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Early Life Stress and Physical and Psychosocial Functioning in Late Adulthood

  • Hanna Alastalo ,

    hanna.alastalo@thl.fi

    Affiliations Department of Chronic Disease Prevention, National Institute for Health and Welfare, Helsinki, Finland, Hjelt Institute,University of Helsinki, Helsinki, Finland, Folkhälsan Research Center, Helsinki, Finland

  • Mikaela B. von Bonsdorff,

    Affiliation Gerontology Research Center and Department of Health Sciences, University of Jyväskylä, Jyväskylä, Finland

  • Katri Räikkönen,

    Affiliation Institute of Behavioural Sciences, University of Helsinki, Helsinki, Finland

  • Anu-Katriina Pesonen,

    Affiliations Institute of Behavioural Sciences, University of Helsinki, Helsinki, Finland, Department of General Practice and Primary Health Care, Institute of Clinical Medicine, University of Helsinki, Helsinki, Finland

  • Clive Osmond,

    Affiliation MRC Lifecourse Epidemiology Unit, Southampton, United Kingdom

  • David J. P. Barker,

    Affiliations MRC Lifecourse Epidemiology Unit, Southampton, United Kingdom, Chair of Fetal Programming, King Saud University, Riad, Saudi Arabia

  • Kati Heinonen,

    Affiliation Institute of Behavioural Sciences, University of Helsinki, Helsinki, Finland

  • Eero Kajantie,

    Affiliations Department of Chronic Disease Prevention, National Institute for Health and Welfare, Helsinki, Finland, Hospital for Children and Adolescents, Helsinki University Central Hospital, Helsinki, Finland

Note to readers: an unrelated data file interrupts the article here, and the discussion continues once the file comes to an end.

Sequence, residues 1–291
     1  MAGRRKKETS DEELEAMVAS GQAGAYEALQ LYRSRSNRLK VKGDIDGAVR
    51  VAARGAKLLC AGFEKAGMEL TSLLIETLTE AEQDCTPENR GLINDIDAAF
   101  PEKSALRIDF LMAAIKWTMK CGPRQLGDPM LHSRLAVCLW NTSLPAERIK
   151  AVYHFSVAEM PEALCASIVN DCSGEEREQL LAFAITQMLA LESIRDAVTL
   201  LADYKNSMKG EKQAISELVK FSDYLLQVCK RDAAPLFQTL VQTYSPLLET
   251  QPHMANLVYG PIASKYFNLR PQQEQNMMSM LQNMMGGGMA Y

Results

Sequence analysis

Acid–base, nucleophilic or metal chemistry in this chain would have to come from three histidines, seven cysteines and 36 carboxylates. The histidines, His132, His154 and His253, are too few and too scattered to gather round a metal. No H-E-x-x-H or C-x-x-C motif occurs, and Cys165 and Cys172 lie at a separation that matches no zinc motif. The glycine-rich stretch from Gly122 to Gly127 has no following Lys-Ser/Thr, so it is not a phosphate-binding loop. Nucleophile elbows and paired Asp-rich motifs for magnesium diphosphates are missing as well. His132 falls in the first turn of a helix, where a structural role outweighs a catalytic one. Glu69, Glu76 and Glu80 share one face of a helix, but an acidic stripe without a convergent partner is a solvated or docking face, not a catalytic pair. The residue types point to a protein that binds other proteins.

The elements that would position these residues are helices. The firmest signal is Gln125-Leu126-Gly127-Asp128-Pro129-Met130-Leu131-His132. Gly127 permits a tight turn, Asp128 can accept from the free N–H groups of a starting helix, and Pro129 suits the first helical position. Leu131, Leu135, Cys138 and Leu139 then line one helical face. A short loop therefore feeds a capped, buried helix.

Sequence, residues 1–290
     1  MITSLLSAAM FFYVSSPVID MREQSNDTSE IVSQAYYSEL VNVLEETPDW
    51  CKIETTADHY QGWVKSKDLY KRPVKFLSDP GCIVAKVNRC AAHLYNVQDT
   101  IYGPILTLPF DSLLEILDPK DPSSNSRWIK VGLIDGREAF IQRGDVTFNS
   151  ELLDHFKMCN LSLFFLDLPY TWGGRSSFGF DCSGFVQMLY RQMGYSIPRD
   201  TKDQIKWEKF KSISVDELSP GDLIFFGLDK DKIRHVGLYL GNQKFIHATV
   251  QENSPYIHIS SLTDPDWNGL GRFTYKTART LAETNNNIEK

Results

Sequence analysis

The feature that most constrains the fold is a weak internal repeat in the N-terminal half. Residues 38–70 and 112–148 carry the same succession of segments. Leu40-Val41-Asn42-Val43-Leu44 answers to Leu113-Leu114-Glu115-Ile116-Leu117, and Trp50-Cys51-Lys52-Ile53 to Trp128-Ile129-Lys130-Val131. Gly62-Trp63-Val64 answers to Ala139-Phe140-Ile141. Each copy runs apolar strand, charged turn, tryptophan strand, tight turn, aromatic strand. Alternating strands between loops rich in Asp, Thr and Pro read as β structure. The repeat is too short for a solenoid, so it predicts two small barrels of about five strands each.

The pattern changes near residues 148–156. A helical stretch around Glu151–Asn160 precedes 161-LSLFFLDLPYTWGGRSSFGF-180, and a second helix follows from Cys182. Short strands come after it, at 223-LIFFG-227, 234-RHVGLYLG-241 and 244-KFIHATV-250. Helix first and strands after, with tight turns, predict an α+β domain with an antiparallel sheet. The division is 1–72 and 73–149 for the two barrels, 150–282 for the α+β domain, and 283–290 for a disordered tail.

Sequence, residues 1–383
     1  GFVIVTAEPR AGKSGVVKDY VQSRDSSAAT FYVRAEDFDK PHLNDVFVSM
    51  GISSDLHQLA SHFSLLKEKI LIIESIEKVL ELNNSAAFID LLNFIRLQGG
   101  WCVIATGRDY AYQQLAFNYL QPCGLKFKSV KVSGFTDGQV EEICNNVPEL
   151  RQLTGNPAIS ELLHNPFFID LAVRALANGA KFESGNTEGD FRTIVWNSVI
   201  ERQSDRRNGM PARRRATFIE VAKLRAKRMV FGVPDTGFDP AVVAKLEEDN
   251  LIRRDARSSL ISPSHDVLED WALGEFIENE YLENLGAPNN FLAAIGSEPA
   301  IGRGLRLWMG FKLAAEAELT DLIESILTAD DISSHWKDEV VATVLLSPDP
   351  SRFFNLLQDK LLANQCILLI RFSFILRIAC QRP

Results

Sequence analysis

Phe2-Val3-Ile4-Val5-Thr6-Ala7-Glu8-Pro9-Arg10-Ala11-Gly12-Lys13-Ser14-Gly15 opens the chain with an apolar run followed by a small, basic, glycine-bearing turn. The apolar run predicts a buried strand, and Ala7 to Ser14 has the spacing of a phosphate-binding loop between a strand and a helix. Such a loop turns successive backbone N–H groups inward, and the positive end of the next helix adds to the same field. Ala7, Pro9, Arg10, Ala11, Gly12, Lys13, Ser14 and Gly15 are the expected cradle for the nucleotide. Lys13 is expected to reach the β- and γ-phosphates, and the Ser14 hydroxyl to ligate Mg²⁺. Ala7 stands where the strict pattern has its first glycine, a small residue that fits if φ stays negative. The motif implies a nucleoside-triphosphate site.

• Johan G. Eriksson

    Affiliations Department of Chronic Disease Prevention, National Institute for Health and Welfare, Helsinki, Finland, Folkhälsan Research Center, Helsinki, Finland, Department of General Practice and Primary Health Care, Institute of Clinical Medicine, University of Helsinki, Helsinki, Finland, Unit of Primary Health Care, Helsinki University Central Hospital, Helsinki, Finland, Vasa Central Hospital, Vaasa, Finland

Early Life Stress and Physical and Psychosocial Functioning in Late Adulthood

  • Hanna Alastalo, 
  • Mikaela B. von Bonsdorff, 
  • Katri Räikkönen, 
  • Anu-Katriina Pesonen, 
  • Clive Osmond, 
  • David J. P. Barker, 
  • Kati Heinonen, 
  • Eero Kajantie, 
  • Johan G. Eriksson
PLOS
x

Abstract

Background

Severe stress experienced in early life may have long-term effects on adult physiological and psychological health and well-being. We studied physical and psychosocial functioning in late adulthood in subjects separated temporarily from their parents in childhood during World War II.

Methods

The 1803 participants belong to the Helsinki Birth Cohort Study, born 1934–44. Of them, 267 (14.8%) had been evacuated abroad in childhood during WWII and the remaining subjects served as controls. Physical and psychosocial functioning was assessed with the Short Form 36 scale (SF-36) between 2001 and 2004. A test for trends was based on linear regression. All analyses were adjusted for age at clinical examination, social class in childhood and adulthood, smoking, alcohol intake, physical activity, body mass index, cardiovascular disease and diabetes.

Results